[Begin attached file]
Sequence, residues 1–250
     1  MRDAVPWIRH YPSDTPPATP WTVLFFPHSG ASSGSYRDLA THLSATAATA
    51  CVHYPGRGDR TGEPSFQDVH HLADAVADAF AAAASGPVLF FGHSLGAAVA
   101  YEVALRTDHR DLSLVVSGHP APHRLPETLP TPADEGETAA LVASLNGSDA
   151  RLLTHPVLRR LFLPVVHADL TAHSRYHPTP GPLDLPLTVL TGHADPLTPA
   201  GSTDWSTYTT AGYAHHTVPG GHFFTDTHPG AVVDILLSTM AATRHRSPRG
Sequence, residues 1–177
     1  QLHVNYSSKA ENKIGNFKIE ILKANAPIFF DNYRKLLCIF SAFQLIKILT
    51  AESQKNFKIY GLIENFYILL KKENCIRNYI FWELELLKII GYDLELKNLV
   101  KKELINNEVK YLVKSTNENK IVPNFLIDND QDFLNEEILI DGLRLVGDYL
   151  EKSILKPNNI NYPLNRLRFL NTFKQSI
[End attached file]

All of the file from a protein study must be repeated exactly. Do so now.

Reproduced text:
Sequence, residues 1–250
     1  MRDAVPWIRH YPSDTPPATP WTVLFFPHSG ASSGSYRDLA THLSATAATA
    51  CVHYPGRGDR TGEPSFQDVH HLADAVADAF AAAASGPVLF FGHSLGAAVA
   101  YEVALRTDHR DLSLVVSGHP APHRLPETLP TPADEGETAA LVASLNGSDA
   151  RLLTHPVLRR LFLPVVHADL TAHSRYHPTP GPLDLPLTVL TGHADPLTPA
   201  GSTDWSTYTT AGYAHHTVPG GHFFTDTHPG AVVDILLSTM AATRHRSPRG
Sequence, residues 1–177
     1  QLHVNYSSKA ENKIGNFKIE ILKANAPIFF DNYRKLLCIF SAFQLIKILT
    51  AESQKNFKIY GLIENFYILL KKENCIRNYI FWELELLKII GYDLELKNLV
   101  KKELINNEVK YLVKSTNENK IVPNFLIDND QDFLNEEILI DGLRLVGDYL
   151  EKSILKPNNI NYPLNRLRFL NTFKQSI